China Testing Trump in Canada
February 1, 2019
In a courtroom in Vancouver, British Columbia, a case with geopolitical significance is underway. Meng Wanzhou, chief financial officer for Chinese telecommunications giant Huawei was arrested on December 1, 2018, pursuant to a warrant issued by the U.S. Department of Justice related to the company doing business in Iran despite international sanctions through a shell company designed to disguise linkages to Huawei itself.
It is possible that Meng was aware that the U.S. government had issued a warrant for her arrest, as she chose to fly to Mexico through Vancouver, not transiting through the United States. Then again, she owned a home in Vancouver and had many friends in the city and perhaps felt safe in Canada, where Mandarin is the third most spoken language after English and French.
Prime Minister Justin Trudeau was also likely seen by China’s business community to be friendlier toward China than the United States under President Donald Trump has been to China or to Canada for that matter. Trudeau’s father established relations with China in 1970, before the United States did so.
In October, Trudeau said that Canada was open to allowing Huawei to participate in building Canada’s 5G network. This after a meeting in Canada in July of the intelligence agency chiefs of the Five Eyes group including Australia, Britain, Canada, New Zealand, and the United States agreed to try to contain Huawei access to Western networks.
This may explain the shock and anger expressed by Beijing and the Chinese business community when news of Meng’s arrest surfaced. Canadian foreign minister Chrystia Freeland responded that Canada was obliged to act on a legitimate warrant from its ally the United States, that due process and the rule of law would be respected, and Meng would be able to challenge her extradition in court before a judge.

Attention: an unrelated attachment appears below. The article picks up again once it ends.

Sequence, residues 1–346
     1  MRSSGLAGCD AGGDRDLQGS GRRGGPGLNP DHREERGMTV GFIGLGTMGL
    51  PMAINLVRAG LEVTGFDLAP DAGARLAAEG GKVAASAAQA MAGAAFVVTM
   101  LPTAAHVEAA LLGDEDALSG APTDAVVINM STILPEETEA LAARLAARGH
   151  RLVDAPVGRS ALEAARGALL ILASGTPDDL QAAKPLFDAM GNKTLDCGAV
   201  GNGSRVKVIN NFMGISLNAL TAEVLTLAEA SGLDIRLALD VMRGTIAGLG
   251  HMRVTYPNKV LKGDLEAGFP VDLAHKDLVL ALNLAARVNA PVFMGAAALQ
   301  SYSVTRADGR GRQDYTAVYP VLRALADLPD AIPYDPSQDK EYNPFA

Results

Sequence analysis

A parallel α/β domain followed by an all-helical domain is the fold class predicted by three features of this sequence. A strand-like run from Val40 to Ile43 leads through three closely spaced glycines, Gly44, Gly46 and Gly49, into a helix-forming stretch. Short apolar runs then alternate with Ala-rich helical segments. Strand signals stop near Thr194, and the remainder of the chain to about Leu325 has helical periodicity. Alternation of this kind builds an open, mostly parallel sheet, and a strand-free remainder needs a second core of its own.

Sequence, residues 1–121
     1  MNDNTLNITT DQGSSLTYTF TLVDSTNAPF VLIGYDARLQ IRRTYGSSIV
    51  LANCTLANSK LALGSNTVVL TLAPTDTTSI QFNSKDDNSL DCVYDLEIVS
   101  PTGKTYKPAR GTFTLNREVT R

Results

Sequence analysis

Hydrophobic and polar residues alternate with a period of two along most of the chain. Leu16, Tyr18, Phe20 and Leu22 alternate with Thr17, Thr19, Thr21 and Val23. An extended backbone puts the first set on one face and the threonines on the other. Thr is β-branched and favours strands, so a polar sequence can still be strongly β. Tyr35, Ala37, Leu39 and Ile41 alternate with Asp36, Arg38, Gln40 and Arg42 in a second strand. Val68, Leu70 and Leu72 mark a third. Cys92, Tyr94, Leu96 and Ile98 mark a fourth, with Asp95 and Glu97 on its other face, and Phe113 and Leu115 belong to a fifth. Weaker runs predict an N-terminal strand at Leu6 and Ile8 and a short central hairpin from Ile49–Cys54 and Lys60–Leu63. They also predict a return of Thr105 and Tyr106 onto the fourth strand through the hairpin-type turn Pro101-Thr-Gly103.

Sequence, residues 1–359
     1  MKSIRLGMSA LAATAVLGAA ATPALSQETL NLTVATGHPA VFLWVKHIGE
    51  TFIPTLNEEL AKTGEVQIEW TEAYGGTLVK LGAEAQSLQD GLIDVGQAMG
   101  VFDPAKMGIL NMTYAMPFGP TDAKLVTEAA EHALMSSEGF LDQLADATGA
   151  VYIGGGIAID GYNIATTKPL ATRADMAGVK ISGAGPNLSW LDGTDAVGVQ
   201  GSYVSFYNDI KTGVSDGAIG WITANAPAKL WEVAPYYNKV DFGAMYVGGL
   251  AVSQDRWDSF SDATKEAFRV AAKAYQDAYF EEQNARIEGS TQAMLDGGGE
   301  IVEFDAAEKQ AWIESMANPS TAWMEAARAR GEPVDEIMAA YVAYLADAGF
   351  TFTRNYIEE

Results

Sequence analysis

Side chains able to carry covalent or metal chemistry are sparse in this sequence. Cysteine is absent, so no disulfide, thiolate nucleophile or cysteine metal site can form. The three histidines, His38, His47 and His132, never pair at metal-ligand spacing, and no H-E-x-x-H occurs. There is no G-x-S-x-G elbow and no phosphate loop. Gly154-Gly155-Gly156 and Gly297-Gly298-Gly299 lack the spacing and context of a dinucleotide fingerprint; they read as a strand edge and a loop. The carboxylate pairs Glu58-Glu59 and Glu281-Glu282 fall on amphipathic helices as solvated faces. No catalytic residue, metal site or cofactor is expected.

Then on December 12, President Trump told Reuters that he was willing to intervene in Meng’s case if it produced a breakthrough in trade talks with China. In doing so, Trump undermined Canada’s claim that it was following the law not engaging in a U.S. led strategy for pressuring China economically.
Beijing reacted, not against the United States, but against Canada. Two Canadian citizens working in China were arrested : Michael Kovrig a former diplomat now working for the International Crisis Group and entrepreneur Michael Spavor. Canada protested, and the U.S. State Department condemned the arrests and called for the release of both Canadians. A total of 13 Canadians have been arrested in China since December 1.
Then, on January 9, China’s ambassador to Canada Lu Shaye, wrote an op-ed for the Hill Times in which he accused the Canadian government of a having a double-standard that excuses Canadians who break Chinese law and calls for their quick release while condemning China for acting to defend its citizen Meng. Lu wrote:
“The reason why some people are used to arrogantly adopting double standards is due to Western egotism and white supremacy. In such a context, the rule of law is nothing but a tool for their political ends and a fig leaf for their practicing hegemony in the international arena. What they have been doing is not showing respect for the rule of law, but mocking and trampling the rule of law.”
Complicating matters further, Canada’s ambassador to China John McCallum, a former cabinet minister and the only Canadian ambassador apart from Ambassador David MacNaughton who briefed cabinet in person (rather than going through the foreign minister) commented publicly on January 24 on the merits of the Meng extradition case:
“I think Ms. Meng has quite a strong case. [. . .] One, political involvement by comments from [U.S. President] Donald Trump in her case. Two, there’s an extraterritorial aspect to her case, and three, there’s the issue of Iran sanctions which are involved in her case, and Canada does not sign on to these Iran sanctions. So I think she has some strong arguments that she can make before a judge”